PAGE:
The dangers of rip currents
BENTON HARBOR, Mich. -- There are still a few weeks left until the unofficial end of summer in Michiana. Many families will head to Lake Michigan to savor the last bit of sun before Labor Day and when they do, they need to be aware of some real dangers that can lurk in the waters of St. Joe and Benton Harbor.
There have already been 20 reported drownings on Lake Michigan this summer, most of those in the southern coast near Silver Beach. Many coincided with strong rip current warnings and powerful waves.
One of the hundreds who lost his life in Lake Michigan since 2010 was 26 year old Alex Hines. He jumped off the St. Joe Pier last summer and never made it back out of the water.
His mom, Sarah Hines, said it’s still so tough to cope with his loss.
“I felt like if there is something out there it could have saved Alex’s life, it gets difficult sometimes just to think about if only they had something to save him,” said Hines
Witnesses that day said there was no one strong enough to jump into the water to save him and Hines eventually got pulled under by the strong current near the pier. His life in this instance was his own to save.
“I feel like if he knew what to do, he could have saved his own life, but he didn’t know what to do,” recalled his mother.
So what can you do to save your own life in rough water? We went in with a rescue expert to find out.
Bob Pratt is the director of education for the Great Lakes Surf Rescue Project. He suited up with ABC 57’s Kim Chappell and headed into the water near Tiscornia Park in Benton Harbor. A rip current warning had just expired shortly before they got in.
When looking at the water from the beach, it did not look threatening at all, but Pratt says this is when it will take people by surprise. And Pratt says it is all because of the nearby pier. It’s why 65 percent of drownings on the lake happen near a structure like a pier or jetty.
“There are some waves coming from the north, coming from the south and they are bouncing off the pier and creating a chaotic situation here,” said Pratt.
It is also why that age old advice ‘to swim parallel to shore and follow the current to safety’ works in oceans but not necessarily in Lake Michigan. Within in moment of Pratt and Chappell heading into the water, it was clear why.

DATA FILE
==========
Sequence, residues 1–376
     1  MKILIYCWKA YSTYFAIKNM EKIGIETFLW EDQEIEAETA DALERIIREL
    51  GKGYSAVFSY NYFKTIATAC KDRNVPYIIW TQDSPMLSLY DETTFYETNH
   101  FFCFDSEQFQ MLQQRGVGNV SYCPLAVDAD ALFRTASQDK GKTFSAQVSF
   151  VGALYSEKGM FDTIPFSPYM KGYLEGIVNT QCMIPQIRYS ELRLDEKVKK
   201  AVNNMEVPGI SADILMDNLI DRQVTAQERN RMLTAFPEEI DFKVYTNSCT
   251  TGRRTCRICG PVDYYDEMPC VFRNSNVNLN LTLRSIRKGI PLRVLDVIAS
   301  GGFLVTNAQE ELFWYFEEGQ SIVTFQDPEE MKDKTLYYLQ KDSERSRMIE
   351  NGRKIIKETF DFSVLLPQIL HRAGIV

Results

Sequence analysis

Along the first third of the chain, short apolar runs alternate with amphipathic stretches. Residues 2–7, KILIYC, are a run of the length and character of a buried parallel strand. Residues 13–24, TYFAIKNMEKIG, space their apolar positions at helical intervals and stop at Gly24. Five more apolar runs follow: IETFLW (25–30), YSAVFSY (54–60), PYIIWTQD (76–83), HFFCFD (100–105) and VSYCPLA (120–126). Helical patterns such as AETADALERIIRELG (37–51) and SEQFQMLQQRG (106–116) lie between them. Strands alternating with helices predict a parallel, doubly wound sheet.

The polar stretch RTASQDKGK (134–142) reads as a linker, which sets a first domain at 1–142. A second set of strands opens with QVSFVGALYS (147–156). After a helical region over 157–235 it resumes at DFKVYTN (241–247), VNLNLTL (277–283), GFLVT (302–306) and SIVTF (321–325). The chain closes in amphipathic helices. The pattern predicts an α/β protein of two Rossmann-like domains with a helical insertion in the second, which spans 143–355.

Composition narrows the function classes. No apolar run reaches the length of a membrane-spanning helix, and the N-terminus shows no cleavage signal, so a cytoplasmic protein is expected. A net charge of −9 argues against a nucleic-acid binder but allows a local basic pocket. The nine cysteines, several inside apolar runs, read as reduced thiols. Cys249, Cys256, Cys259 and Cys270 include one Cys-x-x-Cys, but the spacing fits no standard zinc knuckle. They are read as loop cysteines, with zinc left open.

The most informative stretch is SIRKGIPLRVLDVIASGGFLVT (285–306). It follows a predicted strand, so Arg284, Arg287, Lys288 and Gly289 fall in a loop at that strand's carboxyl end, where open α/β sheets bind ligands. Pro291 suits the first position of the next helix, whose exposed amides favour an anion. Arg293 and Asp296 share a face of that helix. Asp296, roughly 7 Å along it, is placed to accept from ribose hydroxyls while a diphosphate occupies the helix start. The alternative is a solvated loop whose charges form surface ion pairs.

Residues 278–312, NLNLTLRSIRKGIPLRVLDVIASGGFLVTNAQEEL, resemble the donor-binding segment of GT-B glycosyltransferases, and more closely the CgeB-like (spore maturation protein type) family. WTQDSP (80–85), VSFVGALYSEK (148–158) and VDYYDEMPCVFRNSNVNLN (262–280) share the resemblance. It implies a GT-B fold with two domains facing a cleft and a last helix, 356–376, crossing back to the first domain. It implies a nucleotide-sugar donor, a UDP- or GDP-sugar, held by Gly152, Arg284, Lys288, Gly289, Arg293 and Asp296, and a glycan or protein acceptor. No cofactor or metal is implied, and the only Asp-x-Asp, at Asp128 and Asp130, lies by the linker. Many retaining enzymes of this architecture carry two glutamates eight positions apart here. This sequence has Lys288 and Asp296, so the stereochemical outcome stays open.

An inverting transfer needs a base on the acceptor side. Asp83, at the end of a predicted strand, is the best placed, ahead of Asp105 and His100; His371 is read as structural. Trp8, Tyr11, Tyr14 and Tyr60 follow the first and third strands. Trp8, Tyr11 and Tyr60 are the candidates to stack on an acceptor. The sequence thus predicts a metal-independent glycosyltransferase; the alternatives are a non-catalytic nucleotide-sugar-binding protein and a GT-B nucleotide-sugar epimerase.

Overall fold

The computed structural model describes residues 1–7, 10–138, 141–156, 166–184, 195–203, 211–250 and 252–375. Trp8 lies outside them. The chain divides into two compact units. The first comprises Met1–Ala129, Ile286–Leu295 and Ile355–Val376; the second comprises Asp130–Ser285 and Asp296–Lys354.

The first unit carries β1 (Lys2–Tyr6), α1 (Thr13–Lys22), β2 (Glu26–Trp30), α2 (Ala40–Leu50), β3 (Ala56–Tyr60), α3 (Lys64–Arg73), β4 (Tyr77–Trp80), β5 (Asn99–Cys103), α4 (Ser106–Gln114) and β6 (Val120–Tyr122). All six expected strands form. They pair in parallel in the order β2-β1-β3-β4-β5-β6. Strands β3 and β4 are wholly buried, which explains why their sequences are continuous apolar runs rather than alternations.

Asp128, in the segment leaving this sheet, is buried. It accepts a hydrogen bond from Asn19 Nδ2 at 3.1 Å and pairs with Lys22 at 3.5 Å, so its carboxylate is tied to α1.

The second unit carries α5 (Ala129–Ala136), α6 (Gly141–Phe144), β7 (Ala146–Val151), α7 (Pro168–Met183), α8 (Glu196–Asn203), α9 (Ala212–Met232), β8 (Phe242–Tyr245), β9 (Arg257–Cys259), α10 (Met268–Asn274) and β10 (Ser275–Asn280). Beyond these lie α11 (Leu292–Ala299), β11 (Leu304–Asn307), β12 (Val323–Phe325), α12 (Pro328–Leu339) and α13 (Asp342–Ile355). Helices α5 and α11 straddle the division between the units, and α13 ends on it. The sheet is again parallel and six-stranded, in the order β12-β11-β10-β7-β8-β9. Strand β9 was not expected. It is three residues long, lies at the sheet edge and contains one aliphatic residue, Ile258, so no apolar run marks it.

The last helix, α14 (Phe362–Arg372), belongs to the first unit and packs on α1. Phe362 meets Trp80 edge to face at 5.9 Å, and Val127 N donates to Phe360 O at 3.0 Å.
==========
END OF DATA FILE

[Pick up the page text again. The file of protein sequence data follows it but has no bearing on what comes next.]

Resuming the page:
“I can tell you right now that my legs are getting pulled left and right and this would be pretty scary right now if I did not consider myself a decent swimmer,” said Chappell.
There is a current pulling, sandbars causing depth issues and the waves in the lake constantly crash every few seconds. That’s when Pratt says panic can ensue.
Chappell asked him in the water, “If you are out here and you are uncomfortable at this point, what should you do?”
Pratt responded, “The biggest thing is not to panic. If you control the panic we can take some deep breaths.”
Then Pratt says to remember these three things because they could save your life: Flip, Float and Follow.
Pratt explained, “Control the panic, flip onto your back and float to see which direction the current is carrying you, then follow a safe path back to safety.”
After about twenty minutes of fighting these currents in shoulder deep water, Chappell and Pratt were both worn out.
Pratt says its conditions like these that cause drownings.
“The best situation here is not to come in the water and recognize that this could be really dangerous.”
Small kids or mediocre swimmers would be putting their life on the line and remember, there was no active rip current warning currently in effect.
“People would look at this and feel safe going in but they don’t know the power of the water underneath those waves.”
Pratt said, “Respect the power.”
It’s a reminder than when the lake starts to churn that innocent lives have been lost and without knowing exactly what to do, yours could be next.
Pratt said there are a few other pieces of advice for people headed out to the beach, especially anyone with small children.
First off, throw some sticks into the water and see which way the current is flowing so you can anticipate the pull and which direction you might go.
Also, note how strong the wind is and if it’s blowing from the sand into the shoreline. If that is happening, a young child on a raft could get pushed out to deep water very quickly.
Lastly, parents should never be more than an arm’s length from their children in the water.